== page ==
As climate change impacts become increasingly widespread and severe, adaptation may no longer be possible. Beyond the ‘adaptation frontier’, it appears likely that loss associated with these impacts will increasingly permeate peoples’ lives. Understanding what constitutes loss, and how it should be assessed, are questions now preoccupying policy makers and researchers around the world.
The Warsaw International Mechanism (WIM), implemented in 2013 under the auspices of the United Nations Framework Convention on Climate Change (UNFCCC), has been tasked with investigating approaches for assessing present and future loss and damage arsing due to climate change. Loss and damage are considered to occur when peoples’ efforts to protect the things they value fail, or when climate risks overwhelm their capacity to do so. In this context, ‘damage’ implies a capacity to recover and the potential for repair, whereas loss is irreversible and permanent. The WIM recognises that significant knowledge gaps exist in our understanding of loss, particularly in relation to so-called ‘non-market’ or ‘non-economic’ losses. These are losses that affect, amongst other things, cultural and social objects of value, such as cultural knowledge, sense of place, social cohesion, and identity. The assessment of such losses remains notoriously difficult. Indeed, standard environmental valuation techniques are often criticised for the limited way they engage with the harms and losses that matter the most to people in the context of their daily lives. Consequently, the intangible dimensions of climate-driven losses tend to be underrepresented or overlooked in science-driven, top-down assessments, as well as in high-level climate negotiations.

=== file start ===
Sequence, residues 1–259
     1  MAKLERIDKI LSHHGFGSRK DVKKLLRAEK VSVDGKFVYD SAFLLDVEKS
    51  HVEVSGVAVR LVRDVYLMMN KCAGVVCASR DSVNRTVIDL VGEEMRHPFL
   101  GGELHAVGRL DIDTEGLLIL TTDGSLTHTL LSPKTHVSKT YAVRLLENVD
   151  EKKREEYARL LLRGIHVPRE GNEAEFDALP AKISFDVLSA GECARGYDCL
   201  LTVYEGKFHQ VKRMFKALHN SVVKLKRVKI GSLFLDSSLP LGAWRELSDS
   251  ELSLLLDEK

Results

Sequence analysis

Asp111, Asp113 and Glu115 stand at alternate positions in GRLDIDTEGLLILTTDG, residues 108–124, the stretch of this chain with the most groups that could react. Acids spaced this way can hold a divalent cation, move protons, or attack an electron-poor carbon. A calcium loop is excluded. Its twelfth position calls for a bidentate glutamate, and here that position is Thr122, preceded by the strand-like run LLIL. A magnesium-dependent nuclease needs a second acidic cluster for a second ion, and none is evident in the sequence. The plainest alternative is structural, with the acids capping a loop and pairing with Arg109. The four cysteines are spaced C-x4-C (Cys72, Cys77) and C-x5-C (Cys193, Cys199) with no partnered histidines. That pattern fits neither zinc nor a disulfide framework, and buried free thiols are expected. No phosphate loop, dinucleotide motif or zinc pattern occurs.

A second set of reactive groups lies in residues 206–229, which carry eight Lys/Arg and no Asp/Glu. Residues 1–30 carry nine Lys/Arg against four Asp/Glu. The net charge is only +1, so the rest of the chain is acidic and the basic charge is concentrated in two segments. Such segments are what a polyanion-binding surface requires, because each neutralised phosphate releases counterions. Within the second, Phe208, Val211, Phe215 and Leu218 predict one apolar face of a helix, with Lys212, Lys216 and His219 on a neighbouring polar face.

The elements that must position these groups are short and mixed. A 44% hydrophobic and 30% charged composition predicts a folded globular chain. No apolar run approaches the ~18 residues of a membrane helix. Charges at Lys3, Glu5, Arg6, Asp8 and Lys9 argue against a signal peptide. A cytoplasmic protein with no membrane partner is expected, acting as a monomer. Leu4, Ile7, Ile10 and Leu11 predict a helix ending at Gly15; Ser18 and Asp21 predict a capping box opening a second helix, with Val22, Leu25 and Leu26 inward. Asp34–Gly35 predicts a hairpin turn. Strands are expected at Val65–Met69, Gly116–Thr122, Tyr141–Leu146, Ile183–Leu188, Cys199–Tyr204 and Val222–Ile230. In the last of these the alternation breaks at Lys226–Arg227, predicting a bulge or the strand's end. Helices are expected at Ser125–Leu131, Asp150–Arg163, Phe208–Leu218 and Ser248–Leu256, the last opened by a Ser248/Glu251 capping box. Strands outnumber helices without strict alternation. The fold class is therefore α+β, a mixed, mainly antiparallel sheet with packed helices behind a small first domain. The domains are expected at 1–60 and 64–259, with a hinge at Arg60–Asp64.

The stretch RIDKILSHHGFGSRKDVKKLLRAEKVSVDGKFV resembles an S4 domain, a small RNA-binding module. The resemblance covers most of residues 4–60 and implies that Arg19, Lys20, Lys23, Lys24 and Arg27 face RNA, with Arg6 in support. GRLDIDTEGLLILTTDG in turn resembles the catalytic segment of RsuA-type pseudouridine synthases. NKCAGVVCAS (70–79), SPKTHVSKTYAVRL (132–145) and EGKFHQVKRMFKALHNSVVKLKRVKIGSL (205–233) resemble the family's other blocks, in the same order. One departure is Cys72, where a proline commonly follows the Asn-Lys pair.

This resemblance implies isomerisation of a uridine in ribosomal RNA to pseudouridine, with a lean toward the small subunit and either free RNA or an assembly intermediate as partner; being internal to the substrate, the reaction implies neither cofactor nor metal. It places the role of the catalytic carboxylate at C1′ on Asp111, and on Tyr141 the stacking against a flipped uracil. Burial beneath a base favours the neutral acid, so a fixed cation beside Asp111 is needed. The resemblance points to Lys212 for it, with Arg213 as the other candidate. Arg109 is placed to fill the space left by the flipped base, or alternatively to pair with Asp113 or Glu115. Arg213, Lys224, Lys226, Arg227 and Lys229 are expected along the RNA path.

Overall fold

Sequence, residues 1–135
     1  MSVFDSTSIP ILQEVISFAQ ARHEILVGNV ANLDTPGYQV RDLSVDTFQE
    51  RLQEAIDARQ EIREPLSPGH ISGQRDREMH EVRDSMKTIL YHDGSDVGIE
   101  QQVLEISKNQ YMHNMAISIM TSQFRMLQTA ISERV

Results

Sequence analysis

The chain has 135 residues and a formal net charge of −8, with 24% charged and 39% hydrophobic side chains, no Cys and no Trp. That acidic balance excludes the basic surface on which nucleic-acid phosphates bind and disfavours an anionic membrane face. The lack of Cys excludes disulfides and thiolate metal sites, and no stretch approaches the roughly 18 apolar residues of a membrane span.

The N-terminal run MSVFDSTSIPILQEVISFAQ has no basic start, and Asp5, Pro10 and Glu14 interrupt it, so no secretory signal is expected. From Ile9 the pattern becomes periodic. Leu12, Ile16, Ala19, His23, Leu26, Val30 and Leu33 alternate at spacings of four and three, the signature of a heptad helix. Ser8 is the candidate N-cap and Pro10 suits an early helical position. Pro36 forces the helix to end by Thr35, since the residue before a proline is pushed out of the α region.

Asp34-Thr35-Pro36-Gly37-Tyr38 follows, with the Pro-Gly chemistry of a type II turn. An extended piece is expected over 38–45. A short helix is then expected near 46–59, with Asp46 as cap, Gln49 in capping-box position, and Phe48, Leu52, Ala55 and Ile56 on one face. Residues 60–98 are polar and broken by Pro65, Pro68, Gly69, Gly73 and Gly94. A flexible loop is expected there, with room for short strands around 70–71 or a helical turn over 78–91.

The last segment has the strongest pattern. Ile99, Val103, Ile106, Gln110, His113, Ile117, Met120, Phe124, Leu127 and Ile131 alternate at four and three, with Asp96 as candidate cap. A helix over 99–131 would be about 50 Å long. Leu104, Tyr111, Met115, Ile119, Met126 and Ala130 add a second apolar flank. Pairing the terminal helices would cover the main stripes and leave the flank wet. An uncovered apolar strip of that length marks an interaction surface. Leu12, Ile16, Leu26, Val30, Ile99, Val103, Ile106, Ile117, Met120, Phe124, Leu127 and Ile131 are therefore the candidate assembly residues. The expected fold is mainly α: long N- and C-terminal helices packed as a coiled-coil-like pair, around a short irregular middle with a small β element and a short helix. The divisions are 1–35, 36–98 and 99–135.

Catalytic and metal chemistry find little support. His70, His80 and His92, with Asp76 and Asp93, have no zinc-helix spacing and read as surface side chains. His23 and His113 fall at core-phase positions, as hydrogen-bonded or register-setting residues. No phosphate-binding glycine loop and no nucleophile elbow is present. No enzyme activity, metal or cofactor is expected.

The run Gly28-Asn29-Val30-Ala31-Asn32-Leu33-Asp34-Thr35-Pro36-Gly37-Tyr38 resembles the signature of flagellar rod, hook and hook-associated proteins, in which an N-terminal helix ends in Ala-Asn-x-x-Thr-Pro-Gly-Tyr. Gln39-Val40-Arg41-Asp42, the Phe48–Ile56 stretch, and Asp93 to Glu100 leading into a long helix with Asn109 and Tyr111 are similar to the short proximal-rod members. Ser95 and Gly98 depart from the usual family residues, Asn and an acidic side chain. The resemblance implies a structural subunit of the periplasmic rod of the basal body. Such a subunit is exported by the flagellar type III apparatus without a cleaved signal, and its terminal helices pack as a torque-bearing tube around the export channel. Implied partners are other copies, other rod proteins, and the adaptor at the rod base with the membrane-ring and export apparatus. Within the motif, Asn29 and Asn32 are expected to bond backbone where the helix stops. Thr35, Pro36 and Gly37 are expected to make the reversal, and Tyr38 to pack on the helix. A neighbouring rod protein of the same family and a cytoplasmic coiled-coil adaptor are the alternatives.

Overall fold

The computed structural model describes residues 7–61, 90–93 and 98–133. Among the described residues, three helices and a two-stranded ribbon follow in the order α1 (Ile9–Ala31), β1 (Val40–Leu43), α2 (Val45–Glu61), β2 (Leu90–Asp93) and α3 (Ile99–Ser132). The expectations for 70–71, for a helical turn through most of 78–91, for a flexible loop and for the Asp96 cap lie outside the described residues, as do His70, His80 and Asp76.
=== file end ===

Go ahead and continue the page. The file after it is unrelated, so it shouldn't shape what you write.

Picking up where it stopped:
A recently published review article in WIREs Climate Change addresses this situation by revealing insights from values-based and place-based approaches to adaptation and their application to climate-related loss. Drawing upon a multidisciplinary literature spanning human geography, psychology, philosophy, economics, and ecology, the review highlights the place-specific and embodied nature of loss, as well as its contingency upon personal and shared perceptions of risk and value. In turn, losses are understood as social constructs in relation to what people value, what they perceive to be at risk, and what they deem worth preserving. Unlike prior assessments that have focused largely on static typologies of loss, the review also draws attention to the fluidity and connectedness of peoples’ lived values. It puts forward a heuristic showing how people might make trade-offs between the many things they value when confronted with acute, gradual, and cumulative climate hazards.
This review contributes significantly to the emerging socially engaged science of loss. It illustrates that, beyond predefined risk assessments, an explicit focus on value- and place-based priorities and decision making processes is needed to put vulnerable communities at the center of analysis, alongside researchers and policy makers, to identify where, how, and when to target concrete efforts for risk reduction and prevent intolerable losses. More importantly, the review shows that loss is inherently connected to what people value and deem meaningful in their lives. Consequently, loss must be understood through situated analysis with people at risk. Further research is needed to understand geographical and cultural patterns of climate-driven loss, as well as how people set their preferences for what they are determined to protect and what they are willing to let go.
Contributed by Petra Tschakert.